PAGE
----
Doctor of Philosophy (PhD) v. Professional Doctorate
For aspiring doctoral students, the first decision you make will prove to be one of the most important. When it comes to choosing the best doctorate program for you, how do you decide between a Doctor of Philosophy (PhD) and a Professional Doctorate?
How Are a PhD and Professional Doctorate Similar?
Whether you choose the PhD or professional doctorate, upon graduation you'll be part of an elite group of scholars. Both contain rigorous coursework designed to help you gain new knowledge in the specialization of your choice. Both require a dissertation process that provides an opportunity for advanced research and analysis in your field. And of course, both are going to get you that coveted title of “Dr."
How are a PhD and Professional Doctorate Different?
In a PhD program, you'll focus your research on contributing new knowledge and theory to the body of knowledge in your field. In a professional doctorate program, you'll focus your research on the practical application of knowledge and theory that already exists within your field. If you plan to continue your work in the field of your choice by implementing your research in the field, the professional doctorate might be the right choice for you. If you plan to contribute to your field through researching and analyzing new theories and solutions, the PhD might be the right choice for you. In short, the professional doctorate student will focus on the how, while the PhD student will focus on the why.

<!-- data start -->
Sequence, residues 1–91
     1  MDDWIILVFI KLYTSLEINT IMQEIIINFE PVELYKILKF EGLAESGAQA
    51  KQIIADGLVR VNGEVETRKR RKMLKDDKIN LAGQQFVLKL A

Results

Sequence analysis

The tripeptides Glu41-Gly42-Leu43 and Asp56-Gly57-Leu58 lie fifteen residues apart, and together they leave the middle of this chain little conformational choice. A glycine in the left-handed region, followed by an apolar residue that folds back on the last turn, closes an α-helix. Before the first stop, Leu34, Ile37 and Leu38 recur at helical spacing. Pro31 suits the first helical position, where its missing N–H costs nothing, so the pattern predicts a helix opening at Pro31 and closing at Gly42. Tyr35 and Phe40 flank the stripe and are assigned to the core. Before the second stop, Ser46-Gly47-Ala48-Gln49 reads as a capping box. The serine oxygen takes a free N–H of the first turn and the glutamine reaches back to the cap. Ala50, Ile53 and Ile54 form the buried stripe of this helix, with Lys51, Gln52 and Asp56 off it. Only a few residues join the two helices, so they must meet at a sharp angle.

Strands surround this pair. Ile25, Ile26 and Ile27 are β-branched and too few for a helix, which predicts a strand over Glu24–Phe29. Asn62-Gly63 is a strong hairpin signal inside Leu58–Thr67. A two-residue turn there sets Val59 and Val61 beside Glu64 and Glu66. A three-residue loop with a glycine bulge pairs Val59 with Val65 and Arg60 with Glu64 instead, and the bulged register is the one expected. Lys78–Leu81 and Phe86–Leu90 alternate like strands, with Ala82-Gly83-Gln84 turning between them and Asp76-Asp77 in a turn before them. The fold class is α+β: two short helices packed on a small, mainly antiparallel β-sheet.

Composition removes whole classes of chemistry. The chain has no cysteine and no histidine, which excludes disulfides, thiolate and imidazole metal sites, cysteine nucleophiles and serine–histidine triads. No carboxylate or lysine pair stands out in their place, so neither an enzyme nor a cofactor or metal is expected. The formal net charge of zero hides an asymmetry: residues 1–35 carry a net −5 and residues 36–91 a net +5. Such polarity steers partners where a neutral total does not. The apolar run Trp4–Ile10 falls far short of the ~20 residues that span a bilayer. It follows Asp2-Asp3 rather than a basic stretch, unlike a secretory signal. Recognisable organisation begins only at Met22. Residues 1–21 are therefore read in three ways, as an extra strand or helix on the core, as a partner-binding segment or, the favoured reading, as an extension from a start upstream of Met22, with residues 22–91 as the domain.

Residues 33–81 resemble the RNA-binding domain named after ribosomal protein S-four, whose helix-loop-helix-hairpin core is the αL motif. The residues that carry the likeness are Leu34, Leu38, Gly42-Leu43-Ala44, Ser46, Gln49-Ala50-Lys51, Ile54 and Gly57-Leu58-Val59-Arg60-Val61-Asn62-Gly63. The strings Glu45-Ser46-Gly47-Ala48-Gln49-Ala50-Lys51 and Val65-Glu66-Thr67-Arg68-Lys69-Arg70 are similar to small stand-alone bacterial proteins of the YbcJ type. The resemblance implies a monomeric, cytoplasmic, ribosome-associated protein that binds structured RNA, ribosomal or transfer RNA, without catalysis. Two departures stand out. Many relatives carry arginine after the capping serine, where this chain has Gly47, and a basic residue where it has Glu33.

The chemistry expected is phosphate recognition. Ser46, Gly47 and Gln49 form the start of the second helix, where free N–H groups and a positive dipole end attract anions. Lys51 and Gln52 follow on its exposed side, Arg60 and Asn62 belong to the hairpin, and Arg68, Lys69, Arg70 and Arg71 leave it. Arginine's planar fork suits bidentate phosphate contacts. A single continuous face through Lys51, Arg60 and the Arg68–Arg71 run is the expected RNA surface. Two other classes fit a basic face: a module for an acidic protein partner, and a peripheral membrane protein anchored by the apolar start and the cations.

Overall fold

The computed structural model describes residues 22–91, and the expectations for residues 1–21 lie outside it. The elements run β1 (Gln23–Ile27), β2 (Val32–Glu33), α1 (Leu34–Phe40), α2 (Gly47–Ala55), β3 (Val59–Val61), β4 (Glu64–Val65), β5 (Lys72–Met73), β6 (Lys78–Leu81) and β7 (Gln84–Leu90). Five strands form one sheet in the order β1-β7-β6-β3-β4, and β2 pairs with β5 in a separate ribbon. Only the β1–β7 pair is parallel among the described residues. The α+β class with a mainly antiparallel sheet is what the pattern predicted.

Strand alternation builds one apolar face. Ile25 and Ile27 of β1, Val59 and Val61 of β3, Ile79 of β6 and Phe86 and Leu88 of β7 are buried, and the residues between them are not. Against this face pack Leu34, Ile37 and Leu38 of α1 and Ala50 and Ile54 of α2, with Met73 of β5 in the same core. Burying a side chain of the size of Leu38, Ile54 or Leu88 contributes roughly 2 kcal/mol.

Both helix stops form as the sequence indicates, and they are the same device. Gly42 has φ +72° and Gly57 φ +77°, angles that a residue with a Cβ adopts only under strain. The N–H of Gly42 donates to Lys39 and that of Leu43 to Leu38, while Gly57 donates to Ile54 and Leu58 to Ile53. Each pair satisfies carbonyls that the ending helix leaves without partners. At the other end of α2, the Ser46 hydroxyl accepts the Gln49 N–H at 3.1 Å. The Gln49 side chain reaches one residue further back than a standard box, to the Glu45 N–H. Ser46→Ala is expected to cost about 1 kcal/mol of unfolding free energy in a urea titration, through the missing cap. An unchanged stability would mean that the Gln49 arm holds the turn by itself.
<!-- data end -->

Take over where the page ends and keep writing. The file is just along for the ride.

What Does This Mean For You?
Ultimately, your decision should be based on the contributions you plan to make to your field with your new degree in hand. Before you embark upon your doctoral journey, take the time to:
• Evaluate your current and future plans within your field.
• Conduct research on the current body of knowledge within the field of your choice.
• Determine the type of impact you'd like to make. Are you a how or a why student?
Still Unsure About Your Decision?
One of the best things you can do in terms of finding out what education you need for the career you want is to seek out advice from someone who has that job, whether it’s a friend, colleague or mentor. Job postings also provide a lot of helpful information in terms of what education, experience and qualifications you might need in order to get the job you want.